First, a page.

Kiev (SCF) – Ukraine’s Constitutional Court green-lighted a bill on amending the country’s main law by enshrining into it the final goal of obtaining NATO and EU membership. The decision was announced the next day after the UK and Ukraine’s defense ministries made a joint statement, stressing the need to expand military cooperation.
The defense chiefs agreed that Operation Orbital, the Army training program started in 2015, was a success to be continued at least until 2020. Instructors from the British Army, most of who have significant experience in participating in combat operations in Iraq and Afghanistan, have trained over 9,500 Ukrainian servicemen. An unspecified number of UK soldiers would be sent to train Ukrainian special forces and marines, in addition to the 100 personnel deployed currently in the country.
A multi-role hydrographic survey ship will be deployed in the Black Sea next year to demonstrate Britain’s support for Ukraine and ensure “freedom of navigation”. HMS Echo is not a warship but it flies the naval ensign. In September, Great Britain made known it planned to increase the warships’ presence in the Black Sea next year with increasingly frequent port calls to Odessa.
NATO naval presence there is seen as provocative by Russia amid increasing tensions in the Azov Sea. A conflict appears to be imminent and the West has taken the side of Ukraine despite the fact that it was Kiev who has been provoking it. EU High Representative/Vice-President Federica Mogherini believes many vessels flying European Union flags were threatened to make Brussels consider “appropriate targeted measures” to be taken as a signal to Moscow.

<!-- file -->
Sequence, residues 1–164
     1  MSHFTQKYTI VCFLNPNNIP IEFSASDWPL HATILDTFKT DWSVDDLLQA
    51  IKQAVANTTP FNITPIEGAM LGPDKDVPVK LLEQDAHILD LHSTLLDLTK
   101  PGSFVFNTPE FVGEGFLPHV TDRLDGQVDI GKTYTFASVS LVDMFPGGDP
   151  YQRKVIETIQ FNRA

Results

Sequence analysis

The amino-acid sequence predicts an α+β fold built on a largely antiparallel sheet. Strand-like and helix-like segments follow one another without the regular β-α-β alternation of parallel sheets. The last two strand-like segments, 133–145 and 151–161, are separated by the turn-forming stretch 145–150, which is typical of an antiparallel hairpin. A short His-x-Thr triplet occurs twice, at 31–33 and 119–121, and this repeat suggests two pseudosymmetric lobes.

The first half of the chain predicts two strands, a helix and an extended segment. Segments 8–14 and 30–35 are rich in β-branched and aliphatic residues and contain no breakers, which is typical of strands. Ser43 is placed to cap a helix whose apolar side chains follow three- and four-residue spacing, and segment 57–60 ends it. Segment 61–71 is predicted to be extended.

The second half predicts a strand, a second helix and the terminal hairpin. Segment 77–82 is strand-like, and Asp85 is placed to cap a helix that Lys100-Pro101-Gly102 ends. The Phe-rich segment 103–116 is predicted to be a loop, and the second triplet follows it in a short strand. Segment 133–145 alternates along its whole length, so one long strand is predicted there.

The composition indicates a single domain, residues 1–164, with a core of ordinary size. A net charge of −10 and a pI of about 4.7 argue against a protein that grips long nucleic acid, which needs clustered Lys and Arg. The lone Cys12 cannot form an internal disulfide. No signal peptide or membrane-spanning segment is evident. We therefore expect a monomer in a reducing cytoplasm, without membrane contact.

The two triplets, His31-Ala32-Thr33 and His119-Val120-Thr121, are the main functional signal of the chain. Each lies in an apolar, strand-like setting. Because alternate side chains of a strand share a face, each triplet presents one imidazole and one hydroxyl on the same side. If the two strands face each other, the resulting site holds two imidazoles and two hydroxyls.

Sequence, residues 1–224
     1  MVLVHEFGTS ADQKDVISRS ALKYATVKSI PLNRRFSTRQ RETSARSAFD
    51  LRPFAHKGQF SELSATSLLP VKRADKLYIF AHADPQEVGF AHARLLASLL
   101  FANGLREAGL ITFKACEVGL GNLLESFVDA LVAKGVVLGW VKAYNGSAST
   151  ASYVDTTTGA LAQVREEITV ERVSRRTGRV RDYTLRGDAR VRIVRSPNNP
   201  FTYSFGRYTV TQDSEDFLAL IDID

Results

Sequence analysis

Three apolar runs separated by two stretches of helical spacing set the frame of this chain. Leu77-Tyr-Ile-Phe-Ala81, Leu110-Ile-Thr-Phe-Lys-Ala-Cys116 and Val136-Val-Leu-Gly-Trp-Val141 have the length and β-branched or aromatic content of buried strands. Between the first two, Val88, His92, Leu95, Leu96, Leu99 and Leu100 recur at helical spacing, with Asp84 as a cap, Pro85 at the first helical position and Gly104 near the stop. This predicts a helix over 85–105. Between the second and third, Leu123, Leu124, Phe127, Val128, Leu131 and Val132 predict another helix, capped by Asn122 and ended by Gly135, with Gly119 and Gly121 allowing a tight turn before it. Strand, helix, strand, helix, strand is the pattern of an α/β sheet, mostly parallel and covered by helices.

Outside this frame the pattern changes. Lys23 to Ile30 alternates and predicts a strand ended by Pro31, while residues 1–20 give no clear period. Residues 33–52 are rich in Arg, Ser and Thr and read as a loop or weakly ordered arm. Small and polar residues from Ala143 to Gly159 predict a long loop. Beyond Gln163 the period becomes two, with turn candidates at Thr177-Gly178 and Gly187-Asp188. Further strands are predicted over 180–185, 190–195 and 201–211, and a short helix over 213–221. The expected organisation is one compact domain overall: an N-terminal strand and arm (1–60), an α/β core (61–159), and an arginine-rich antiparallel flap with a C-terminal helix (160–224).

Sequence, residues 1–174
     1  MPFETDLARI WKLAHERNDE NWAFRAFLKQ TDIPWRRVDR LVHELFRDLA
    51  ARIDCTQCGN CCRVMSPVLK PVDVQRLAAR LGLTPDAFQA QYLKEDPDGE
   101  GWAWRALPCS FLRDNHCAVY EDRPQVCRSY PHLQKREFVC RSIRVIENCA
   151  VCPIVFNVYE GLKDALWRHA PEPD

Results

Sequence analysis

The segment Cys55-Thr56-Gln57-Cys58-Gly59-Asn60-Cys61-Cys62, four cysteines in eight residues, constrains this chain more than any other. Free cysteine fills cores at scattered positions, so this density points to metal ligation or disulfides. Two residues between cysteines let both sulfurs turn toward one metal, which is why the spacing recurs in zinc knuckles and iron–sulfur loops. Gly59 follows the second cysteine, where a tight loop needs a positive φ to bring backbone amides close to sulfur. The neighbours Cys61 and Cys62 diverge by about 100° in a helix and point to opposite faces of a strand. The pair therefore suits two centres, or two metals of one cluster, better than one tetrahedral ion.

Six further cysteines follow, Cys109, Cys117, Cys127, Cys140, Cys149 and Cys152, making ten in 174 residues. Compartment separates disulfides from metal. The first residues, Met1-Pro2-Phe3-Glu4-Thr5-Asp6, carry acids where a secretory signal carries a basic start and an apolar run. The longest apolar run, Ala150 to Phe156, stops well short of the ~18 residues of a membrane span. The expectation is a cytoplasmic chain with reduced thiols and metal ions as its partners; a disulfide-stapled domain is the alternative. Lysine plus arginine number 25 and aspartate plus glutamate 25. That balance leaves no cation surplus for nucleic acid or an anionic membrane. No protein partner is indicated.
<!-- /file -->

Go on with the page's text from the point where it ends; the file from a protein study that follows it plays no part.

The increase in UK military presence goes against the letter and spirit of Minsk accords, which state that the conflict in Ukraine should be managed through diplomatic and political means.
The US military already runs a maritime operations center located within Ukraine’s Ochakov naval facility designed to deliver flexible maritime support throughout the full range of military operations. Hundreds of US and Canadian military instructors are training Ukrainian personnel at the Yavoriv firing range. The US is to transfer two Oliver Hazard Perry-type frigates to Ukraine. The move will actually ensure constant NATO naval presence in the Black Sea going around the restrictions imposed by the Montreux Convention because the vessels will have America sailors onboard carrying out “training missions” and remain under US command, despite official sources saying otherwise. All in all, ten ships of that class are available for export. In September, the US Coast Guard transferred two Island-class cutters, armed with .50-caliber machine guns and 25mm deck guns. The transfers urge Kiev to challenge Moscow militarily.
Nobody in Washington or London asks why an industrialized nation and a large arms exporter, with abundant resources and fertile land, should depend on foreign assistance unable to defend itself. Weapons are supplied and training is provided to the country, where corruption is rampant. Even the US State Department’s recent report says it is. Popular protests are commonplace. The conflict in Donbass is used to distract the people from domestic woes. The frustration with Kiev’s reluctance to introduce much-needed reforms and curtail the political influence of the oligarchs is rapidly growing. The common people of Ukraine need political and economic reforms, not increased foreign military presence on their soil.